1988 AJHSME Problems/Problem 4

Problem

The figure consists of alternating light and dark squares. The number of dark squares exceeds the number of light squares by

$\text{(A)}\ 7 \qquad \text{(B)}\ 8 \qquad \text{(C)}\ 9 \qquad \text{(D)}\ 10 \qquad \text{(E)}\ 11$

[asy] unitsize(12); for(int a=0; a<7; ++a)  {   fill((2a,0)--(2a+1,0)--(2a+1,1)--(2a,1)--cycle,black);   draw((2a+1,0)--(2a+2,0));  } for(int b=7; b<15; ++b)  {   fill((b,14-b)--(b+1,14-b)--(b+1,15-b)--(b,15-b)--cycle,black);  } for(int c=1; c<7; ++c)  {   fill((c,c)--(c+1,c)--(c+1,c+1)--(c,c+1)--cycle,black);  } for(int d=1; d<6; ++d)  {   draw((2d+1,1)--(2d+2,1));  } fill((6,4)--(7,4)--(7,5)--(6,5)--cycle,black); draw((5,4)--(6,4)); fill((7,5)--(8,5)--(8,6)--(7,6)--cycle,black); draw((7,4)--(8,4)); fill((8,4)--(9,4)--(9,5)--(8,5)--cycle,black); draw((9,4)--(10,4)); label("same",(6.3,2.45),N); label("pattern here",(7.5,1.4),N); [/asy]

Solution 1

If, for a moment, we disregard the white squares, we notice that the number of black squares in each row increases by 1 continuously as we go down the pyramid. Thus, the number of black squares is $1 + 2 + \cdots + 8$.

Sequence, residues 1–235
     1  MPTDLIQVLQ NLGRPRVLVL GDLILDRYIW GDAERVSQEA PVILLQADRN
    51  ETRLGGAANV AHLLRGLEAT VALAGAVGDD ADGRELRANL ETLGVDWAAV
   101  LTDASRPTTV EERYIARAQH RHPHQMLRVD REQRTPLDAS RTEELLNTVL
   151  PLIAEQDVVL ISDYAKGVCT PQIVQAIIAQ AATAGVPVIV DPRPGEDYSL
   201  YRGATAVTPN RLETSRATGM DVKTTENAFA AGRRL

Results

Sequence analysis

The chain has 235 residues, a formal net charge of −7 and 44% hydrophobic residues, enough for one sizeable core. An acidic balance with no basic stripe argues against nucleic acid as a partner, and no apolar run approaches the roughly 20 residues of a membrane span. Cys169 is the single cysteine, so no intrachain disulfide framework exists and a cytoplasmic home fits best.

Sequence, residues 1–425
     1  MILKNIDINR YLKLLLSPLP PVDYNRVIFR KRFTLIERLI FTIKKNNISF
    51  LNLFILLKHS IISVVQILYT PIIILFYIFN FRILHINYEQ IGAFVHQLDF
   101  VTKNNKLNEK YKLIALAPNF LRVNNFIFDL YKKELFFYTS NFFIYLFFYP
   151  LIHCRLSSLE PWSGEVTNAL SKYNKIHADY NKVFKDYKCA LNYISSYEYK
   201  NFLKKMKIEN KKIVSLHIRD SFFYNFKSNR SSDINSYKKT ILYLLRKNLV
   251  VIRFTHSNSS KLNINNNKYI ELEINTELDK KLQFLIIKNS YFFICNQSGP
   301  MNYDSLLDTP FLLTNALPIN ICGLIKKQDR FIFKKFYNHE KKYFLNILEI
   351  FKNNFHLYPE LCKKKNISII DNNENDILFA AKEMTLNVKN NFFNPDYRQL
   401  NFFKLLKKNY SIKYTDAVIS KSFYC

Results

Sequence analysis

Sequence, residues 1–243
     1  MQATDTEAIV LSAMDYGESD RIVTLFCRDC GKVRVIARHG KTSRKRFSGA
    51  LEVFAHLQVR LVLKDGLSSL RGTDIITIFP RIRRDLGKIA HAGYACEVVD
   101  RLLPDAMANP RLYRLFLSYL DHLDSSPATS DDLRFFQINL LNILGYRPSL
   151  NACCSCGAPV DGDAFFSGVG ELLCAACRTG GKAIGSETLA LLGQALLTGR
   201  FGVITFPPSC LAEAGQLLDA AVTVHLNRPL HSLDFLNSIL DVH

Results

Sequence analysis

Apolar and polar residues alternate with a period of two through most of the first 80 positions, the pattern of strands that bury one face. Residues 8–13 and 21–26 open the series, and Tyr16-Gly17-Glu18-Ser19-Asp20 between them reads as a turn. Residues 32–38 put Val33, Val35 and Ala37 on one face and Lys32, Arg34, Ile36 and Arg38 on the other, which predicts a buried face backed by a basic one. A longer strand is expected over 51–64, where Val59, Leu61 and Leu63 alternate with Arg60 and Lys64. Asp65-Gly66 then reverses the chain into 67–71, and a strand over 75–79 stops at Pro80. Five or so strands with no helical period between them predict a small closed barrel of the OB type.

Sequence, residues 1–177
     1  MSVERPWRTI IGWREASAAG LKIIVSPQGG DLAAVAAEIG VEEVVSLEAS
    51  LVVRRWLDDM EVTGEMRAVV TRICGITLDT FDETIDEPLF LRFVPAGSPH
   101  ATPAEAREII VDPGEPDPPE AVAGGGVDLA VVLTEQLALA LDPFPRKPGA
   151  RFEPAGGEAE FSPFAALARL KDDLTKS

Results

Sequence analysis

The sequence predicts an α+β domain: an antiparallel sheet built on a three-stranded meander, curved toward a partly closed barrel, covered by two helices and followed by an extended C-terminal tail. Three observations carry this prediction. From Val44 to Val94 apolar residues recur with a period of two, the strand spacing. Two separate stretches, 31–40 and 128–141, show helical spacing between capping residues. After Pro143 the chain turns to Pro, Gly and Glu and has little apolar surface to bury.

Same goes for the white squares, except it starts a row later, making it $1 + 2 + \cdots + 7$.

Subtracting the number of white squares from the number of black squares... \[1 + 2 + \cdots + 7 + 8 - (1 + 2 + \cdots + 7) = 8 \Rightarrow (B)\]


Solution 2

It is simple to notice that in each and every row, there is always one more black square than the white squares. Since there are $8$ rows, there are $8$ more black squares than the white squares. $8\rightarrow \boxed{\text{B}}$

~sakshamsethi (Edited by Zack2008)

See Also

1988 AJHSME (ProblemsAnswer KeyResources)
Preceded by
Problem 3
Followed by
Problem 5
1 2 3 4 5 6 7 8 9 10 11 12 13 14 15 16 17 18 19 20 21 22 23 24 25
All AJHSME/AMC 8 Problems and Solutions

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